In an extraordinary phone call, U.S. President Donald Trump pleaded Saturday with election officials in the southern U.S. state of Georgia to find him enough votes to overturn his pivotal loss there to President-elect Joe Biden.
“So, look. All I want to do is this. I just want to find 11,780 votes, which is one more than we have. Because we won the state,” Trump told the state’s top elections official, Republican Secretary of State Brad Raffensperger, in a recording obtained by The Washington Post and published Sunday afternoon. (Read transcript of phone call)
In an hourlong call, Trump sometimes assailed Raffensperger and sometimes flattered him and his office’s general counsel, Ryan Germany. The president disputed the accuracy of three separate vote counts in Georgia that showed Biden was the first Democratic presidential contender to capture the state since 1992.
On Sunday, Trump said on Twitter, “I spoke to Secretary of State Brad Raffensperger yesterday about Fulton County and voter fraud in Georgia. He was unwilling, or unable, to answer questions such as the ‘ballots under table’ scam, ballot destruction, out of state ‘voters’, dead voters, and more. He has no clue!”
Raffensperger replied a few hours later, “Respectfully, President Trump: What you're saying is not true. The truth will come out.”
In the United States’ indirect form of democracy, Biden, by winning the popular vote in the state, won all 16 of Georgia’s electoral votes en route to a 306-232 margin in the Electoral College.
On Wednesday, a joint session of Congress with Vice President Mike Pence presiding will meet. At least a dozen Republican U.S. senators have said they will join an unknown number of House Republican colleagues in objecting to the certification of Electoral College votes for Biden.
The effort is expected to fail. Democrats hold the majority in the House and prominent Republican senators have said they won’t back the challenge.
Biden and Vice President-elect Kamala Harris are set to be inaugurated January 20.
Even if Trump were to upend the Georgia vote, Biden would still have more than the 270-vote majority needed to win the presidency in the Electoral College.
Reaction to the call was swift Sunday afternoon.
Harris described it as “the voice of desperation” and a “bald faced, bold abuse of power by the president of the United States.”
“Absolutely appalling,” Republican Representative Adam Kinzinger, of Illinois, said of the call on Twitter. “To every member of Congress considering objecting to the election results, you cannot — in light of this — do so with a clean conscience. #RestoreOurGOP”
“Republicans, there is no defense for this. None,” Jeff Flake, a former Republican senator from Arizona, tweeted.
“I will not be silent as the outgoing president attempts to subvert the will of more than 5 million voters in my state,” a Democratic representative from the state of Georgia, Carolyn Bourdeaux, said on Twitter. “This country is a democracy, not a dictatorship — and I will use every power in my authority to reject Trump’s attacks on our election.”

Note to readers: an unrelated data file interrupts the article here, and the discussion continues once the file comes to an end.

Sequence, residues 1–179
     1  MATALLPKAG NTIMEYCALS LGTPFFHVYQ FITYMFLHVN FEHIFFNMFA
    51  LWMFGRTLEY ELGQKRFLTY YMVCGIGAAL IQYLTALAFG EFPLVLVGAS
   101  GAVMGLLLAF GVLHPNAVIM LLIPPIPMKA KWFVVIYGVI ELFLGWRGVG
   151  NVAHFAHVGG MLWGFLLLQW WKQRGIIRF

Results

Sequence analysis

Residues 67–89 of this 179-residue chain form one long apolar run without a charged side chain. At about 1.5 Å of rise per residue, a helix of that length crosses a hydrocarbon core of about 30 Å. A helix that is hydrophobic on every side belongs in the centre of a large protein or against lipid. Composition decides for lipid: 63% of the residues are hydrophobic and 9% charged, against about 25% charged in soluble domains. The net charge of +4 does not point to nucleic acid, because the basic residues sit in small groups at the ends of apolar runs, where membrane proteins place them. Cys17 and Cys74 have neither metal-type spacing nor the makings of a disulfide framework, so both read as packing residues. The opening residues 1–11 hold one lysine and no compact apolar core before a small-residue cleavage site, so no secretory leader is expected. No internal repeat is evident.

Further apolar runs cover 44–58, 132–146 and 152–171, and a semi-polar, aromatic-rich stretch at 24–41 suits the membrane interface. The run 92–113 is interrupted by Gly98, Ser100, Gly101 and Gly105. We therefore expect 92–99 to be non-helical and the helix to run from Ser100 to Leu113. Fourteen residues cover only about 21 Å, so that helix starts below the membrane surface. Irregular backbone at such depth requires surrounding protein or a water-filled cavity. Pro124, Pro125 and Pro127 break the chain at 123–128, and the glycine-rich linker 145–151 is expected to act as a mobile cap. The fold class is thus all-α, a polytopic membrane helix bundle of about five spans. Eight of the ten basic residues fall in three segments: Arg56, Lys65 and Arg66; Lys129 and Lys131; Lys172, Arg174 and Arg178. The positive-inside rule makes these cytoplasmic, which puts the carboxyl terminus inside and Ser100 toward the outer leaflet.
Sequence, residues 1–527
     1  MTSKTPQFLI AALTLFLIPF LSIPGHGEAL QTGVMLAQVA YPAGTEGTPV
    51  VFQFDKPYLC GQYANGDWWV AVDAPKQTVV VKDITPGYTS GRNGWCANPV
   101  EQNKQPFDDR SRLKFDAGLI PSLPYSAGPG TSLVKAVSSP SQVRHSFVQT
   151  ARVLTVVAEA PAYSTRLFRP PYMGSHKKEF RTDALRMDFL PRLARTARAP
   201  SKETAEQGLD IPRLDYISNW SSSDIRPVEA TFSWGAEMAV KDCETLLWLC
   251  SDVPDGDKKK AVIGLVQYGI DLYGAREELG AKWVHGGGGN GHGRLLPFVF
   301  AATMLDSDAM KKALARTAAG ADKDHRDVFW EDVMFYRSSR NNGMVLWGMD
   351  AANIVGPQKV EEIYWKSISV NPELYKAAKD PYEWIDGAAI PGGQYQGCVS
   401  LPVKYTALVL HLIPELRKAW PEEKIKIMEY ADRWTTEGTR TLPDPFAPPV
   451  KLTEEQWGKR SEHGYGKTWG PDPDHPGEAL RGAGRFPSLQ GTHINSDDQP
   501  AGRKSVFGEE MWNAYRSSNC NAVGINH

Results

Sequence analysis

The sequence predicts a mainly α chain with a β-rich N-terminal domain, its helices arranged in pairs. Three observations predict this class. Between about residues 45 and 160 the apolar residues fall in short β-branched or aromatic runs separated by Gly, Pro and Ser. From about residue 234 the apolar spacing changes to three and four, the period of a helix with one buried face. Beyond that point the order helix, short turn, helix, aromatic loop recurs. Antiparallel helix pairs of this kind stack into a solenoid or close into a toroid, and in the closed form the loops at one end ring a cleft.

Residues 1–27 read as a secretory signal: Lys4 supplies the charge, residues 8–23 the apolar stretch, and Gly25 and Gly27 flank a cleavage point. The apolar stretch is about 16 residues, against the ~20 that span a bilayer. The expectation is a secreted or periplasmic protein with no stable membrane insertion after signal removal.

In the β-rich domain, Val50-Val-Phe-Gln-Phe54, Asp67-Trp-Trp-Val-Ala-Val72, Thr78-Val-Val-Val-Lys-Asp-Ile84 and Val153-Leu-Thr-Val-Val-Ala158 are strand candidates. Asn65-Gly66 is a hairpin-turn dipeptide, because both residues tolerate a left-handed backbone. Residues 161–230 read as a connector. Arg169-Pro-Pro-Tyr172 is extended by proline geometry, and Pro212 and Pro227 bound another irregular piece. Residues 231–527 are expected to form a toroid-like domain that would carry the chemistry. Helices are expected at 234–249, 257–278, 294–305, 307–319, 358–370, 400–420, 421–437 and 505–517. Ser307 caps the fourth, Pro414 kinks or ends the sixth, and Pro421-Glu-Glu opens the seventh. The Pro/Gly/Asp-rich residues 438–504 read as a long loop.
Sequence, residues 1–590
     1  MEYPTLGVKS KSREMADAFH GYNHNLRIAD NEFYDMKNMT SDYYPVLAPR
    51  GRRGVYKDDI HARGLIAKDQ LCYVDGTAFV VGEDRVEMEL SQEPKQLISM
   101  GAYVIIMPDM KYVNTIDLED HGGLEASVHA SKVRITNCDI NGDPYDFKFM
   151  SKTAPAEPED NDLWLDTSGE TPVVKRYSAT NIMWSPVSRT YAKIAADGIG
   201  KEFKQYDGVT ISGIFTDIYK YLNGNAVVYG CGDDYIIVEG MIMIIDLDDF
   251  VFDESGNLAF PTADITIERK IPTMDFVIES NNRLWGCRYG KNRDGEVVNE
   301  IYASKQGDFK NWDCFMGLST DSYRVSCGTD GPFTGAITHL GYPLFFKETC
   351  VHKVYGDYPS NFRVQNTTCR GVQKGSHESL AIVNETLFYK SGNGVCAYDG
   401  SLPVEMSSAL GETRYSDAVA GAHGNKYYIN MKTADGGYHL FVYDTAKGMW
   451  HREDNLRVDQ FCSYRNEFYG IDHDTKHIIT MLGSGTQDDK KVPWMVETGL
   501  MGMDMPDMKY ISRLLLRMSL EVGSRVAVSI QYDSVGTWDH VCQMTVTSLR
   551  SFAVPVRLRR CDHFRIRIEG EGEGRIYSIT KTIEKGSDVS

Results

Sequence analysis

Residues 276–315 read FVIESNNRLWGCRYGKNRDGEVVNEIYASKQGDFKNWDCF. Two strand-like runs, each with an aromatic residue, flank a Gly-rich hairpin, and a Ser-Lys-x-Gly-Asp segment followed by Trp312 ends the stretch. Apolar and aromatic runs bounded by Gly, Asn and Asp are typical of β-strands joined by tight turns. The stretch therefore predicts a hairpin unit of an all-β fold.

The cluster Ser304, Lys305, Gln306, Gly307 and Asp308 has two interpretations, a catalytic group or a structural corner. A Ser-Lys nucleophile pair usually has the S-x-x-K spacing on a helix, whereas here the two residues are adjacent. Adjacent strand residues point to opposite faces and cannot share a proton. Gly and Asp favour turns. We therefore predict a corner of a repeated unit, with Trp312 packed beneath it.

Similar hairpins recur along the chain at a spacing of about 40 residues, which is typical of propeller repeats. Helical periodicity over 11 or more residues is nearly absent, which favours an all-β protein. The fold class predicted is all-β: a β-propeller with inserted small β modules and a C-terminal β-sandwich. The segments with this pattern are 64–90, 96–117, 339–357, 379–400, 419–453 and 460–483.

House Intelligence Committee Chairman Adam Schiff, D-Calif., condemned Trump’s actions as “despicable abuses of power” that are potentially impeachable.
The president wasn’t without support, however. The Arizona Republican Party tweeted, “President Trump sounded really good (strong, clear voice; no static) on the “recording” - he cares about #ElectionIntegrity, as all Americans do. Thank you, Mr. President!”
Trump asked the Georgia officials to recalculate the vote count and said that if Raffensperger refused to overturn the vote in the state, he would be taking “a big risk.”
Throughout the call, Raffensperger and Germany rebuffed Trump’s assertions that he had been defrauded of a win in the state. Trump has lost dozens of legal challenges claiming vote and vote-counting irregularities cost him victories in Georgia and in other political battleground states.
Trump rejected the claims by Raffensperger and Germany that the Georgia outcome was legitimate.
“The people of Georgia are angry, the people in the country are angry,” Trump said. “And there’s nothing wrong with saying, you know, um, that you’ve recalculated.”
Raffensperger responded: “Well, Mr. President, the challenge that you have is, the data you have is wrong.”
Throughout the call, Trump repeated he had won the state. “There’s no way I lost Georgia,” he said at one point. “There’s no way. We won by hundreds of thousands of votes.”
The president linked his fate in the state to Tuesday’s Senate runoff elections in which two incumbent Republican senators, David Perdue and Kelly Loeffler, respectively face Democratic challengers Jon Ossoff and the Rev. Raphael Warnock in contests that will determine control of the U.S. Senate during the first two years of the Biden presidency.
“You have a big election coming up,” Trump told Raffensperger, “and because of what you’ve done to the president — you know, the people of Georgia know that this was a scam.”
“Because of what you’ve done to the president,” Trump said, speaking of himself in the third person, “a lot of people aren’t going out to vote, and a lot of Republicans are going to vote negative, because they hate what you did to the president. OK? They hate it. And they’re going to vote. And you would be respected, really respected, if this can be straightened out before the (Tuesday) election.”
Trump’s call to Raffensperger is Trump’s latest effort to pressure state officials and lawmakers to overturn the votes in their political battleground states that Biden won or name Trump supporters as electors instead of ones supporting Biden.